Silent Generation

From Wikipedia, the free encyclopedia
Jump to navigation Jump to search

The Silent Generation is the demographic cohort following the Greatest Generation and preceding the Baby Boomers. The Silent Generation is generally defined as people born from 1928 to 1945.[1] By this definition and U.S. Census data, there were 23 million Silents in the United States as of 2019.[2]

In the United States, the generation was comparatively small because the Great Depression of the 1930s and World War II in the early to mid 1940s caused people to have fewer children.[3] It includes most of those who fought during the Korean War. Upon becoming of age in the 1950s, they are noted as forming the leadership of the Civil rights movement as well as comprising the "silent majority"[4] and creating the rock and roll music of the 1950s and 1960s.[5]

Terminology[edit]

A girl listening to vacuum tube radio during the Great Depression. Prior to the emergence of television as the dominant entertainment medium in the 1950s, families gathered to listen to the home radio in the evening.

Time magazine first used the term "Silent Generation" in a November 5, 1951 article titled "The Younger Generation", although the term appears to precede the publication:[6]

The most startling fact about the younger generation is its silence. With some rare exceptions, youth is nowhere near the rostrum. By comparison with the Flaming Youth of their fathers & mothers, today's younger generation is a still, small flame. It does not issue manifestoes, make speeches or carry posters. It has been called the "Silent Generation."

A reason later proposed for this perceived silence is that as young adults during the McCarthy Era, many members of the Silent Generation felt it was unwise to speak out.[7]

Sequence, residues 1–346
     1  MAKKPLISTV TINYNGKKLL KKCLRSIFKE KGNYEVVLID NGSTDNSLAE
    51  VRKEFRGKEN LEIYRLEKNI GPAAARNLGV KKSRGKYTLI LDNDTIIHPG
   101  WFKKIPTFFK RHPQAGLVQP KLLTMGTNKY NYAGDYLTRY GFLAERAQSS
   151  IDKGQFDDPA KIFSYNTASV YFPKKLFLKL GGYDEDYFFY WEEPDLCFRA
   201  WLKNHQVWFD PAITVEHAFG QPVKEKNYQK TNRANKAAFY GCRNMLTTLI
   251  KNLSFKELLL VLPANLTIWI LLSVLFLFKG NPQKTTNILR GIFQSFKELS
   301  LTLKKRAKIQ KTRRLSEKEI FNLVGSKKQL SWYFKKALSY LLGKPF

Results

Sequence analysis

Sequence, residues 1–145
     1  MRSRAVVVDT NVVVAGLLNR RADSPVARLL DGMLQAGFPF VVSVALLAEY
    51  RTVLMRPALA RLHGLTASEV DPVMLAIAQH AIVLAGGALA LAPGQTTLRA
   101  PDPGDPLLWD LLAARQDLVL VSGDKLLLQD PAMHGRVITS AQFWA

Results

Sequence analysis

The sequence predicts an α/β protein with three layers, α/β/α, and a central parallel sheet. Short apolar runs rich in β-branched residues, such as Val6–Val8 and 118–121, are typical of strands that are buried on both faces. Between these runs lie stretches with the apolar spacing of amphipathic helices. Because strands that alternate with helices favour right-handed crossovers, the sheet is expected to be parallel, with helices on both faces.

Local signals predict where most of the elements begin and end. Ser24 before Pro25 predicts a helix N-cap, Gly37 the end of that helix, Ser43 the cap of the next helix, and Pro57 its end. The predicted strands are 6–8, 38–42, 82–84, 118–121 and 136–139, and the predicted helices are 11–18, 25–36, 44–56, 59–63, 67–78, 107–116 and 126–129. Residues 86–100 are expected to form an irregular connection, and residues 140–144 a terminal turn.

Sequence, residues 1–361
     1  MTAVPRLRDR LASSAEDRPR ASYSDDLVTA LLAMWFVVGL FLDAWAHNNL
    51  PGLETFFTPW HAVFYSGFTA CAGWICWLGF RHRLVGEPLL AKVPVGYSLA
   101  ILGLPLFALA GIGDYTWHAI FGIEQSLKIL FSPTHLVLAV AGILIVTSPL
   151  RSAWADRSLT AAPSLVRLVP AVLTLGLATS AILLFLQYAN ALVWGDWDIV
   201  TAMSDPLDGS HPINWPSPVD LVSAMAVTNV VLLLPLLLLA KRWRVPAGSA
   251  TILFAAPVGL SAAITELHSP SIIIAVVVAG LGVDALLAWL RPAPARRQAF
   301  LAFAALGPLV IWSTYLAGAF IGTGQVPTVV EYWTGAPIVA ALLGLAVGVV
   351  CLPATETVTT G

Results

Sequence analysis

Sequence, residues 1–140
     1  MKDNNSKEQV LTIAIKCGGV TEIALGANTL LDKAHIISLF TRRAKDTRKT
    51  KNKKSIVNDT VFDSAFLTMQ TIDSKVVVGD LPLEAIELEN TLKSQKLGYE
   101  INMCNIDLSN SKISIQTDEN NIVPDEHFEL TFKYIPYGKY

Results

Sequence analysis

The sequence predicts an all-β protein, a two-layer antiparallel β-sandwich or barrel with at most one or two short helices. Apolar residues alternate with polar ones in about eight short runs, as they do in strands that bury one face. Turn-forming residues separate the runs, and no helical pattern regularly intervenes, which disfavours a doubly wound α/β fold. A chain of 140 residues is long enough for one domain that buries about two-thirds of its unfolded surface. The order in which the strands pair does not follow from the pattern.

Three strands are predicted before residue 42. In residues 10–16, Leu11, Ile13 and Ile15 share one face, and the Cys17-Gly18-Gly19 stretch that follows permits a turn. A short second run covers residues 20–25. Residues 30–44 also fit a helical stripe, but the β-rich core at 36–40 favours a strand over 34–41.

The cohort has been named the "Lucky Few" in the 2008 book The Lucky Few: Between the Greatest Generation and the Baby Boom by Elwood D. Carlson.[8] Australia's McCrindle Research uses the name "Builders" to describe the Australian members of this generation, born between 1925 and 1945, and coming of age to become the generation "who literally and metaphorically built [the] nation after the austerity years post-Depression and World War II".[9][10][11]

Date and age range definitions[edit]

The Pew Research Center uses 1928 to 1945 as birth years for this cohort.[12][13] According to this definition, people of the Silent Generation are 76 to 93 years old in 2021.

Resolution Foundation, in a report titled Cross Countries: International comparisons of international trends, uses 1926 to 1945 as birth dates for the Silent Generation.[14] Authors William Strauss and Neil Howe use 1925–1942 as birth years.[15][3]

Characteristics[edit]

A column of the US 1st Marine Division move through Chinese lines during their breakout from the Chosin Reservoir in the Korean War.

The Silent Generation were children of the Great Depression whose parents, having revelled in the highs of the Roaring Twenties, now faced great economic hardship and struggled to provide for their families. Before reaching their teens they shared with their parents the horrors of World War II but through children's eyes. Many lost their fathers or older siblings who were killed in the war. They saw the fall of Nazism and the catastrophic devastation made capable by the nuclear bomb. When the Silent Generation began coming of age after World War II, they were faced with a devastated social order within which they would spend their early adulthood and a new enemy in Communism via the betrayal of post-war agreements and rise of the Soviet Union. Unlike the previous generation who had fought for “changing the system,” the Silent Generation were about “working within the system.” They did this by keeping their heads down and working hard, thus earning themselves the "silent" label. Their attitudes leaned toward not being risk-takers and playing it safe. Fortune magazine's story on the “College Class of ‘49” was subtitled “Taking No Chances."

From their childhood experiences during the Depression and the insistence from their parents to be frugal, they tend to be thrifty and even miserly. They prefer to maximize the property's lifespan, i.e. "get their money's worth." This can lead to hoarding in the guise of "not being wasteful.”[16][17]

As with their own parents, Silents tended to marry and have children young. American Silents are noted as being the youngest of all American generations in marrying and raising families. As young parents, this generation gave birth primarily to the Baby Boomers while younger members of the generation and older members who held off raising a family until later in life gave birth to Generation X. Whereas divorce in the eyes of the previous generation was considered an ultimate sin, the Silents were the generation that reformed marriage laws to allow for divorce and lessen the stigma. This led to a wave of divorces among Silent Generation couples thereafter in the United States.[18]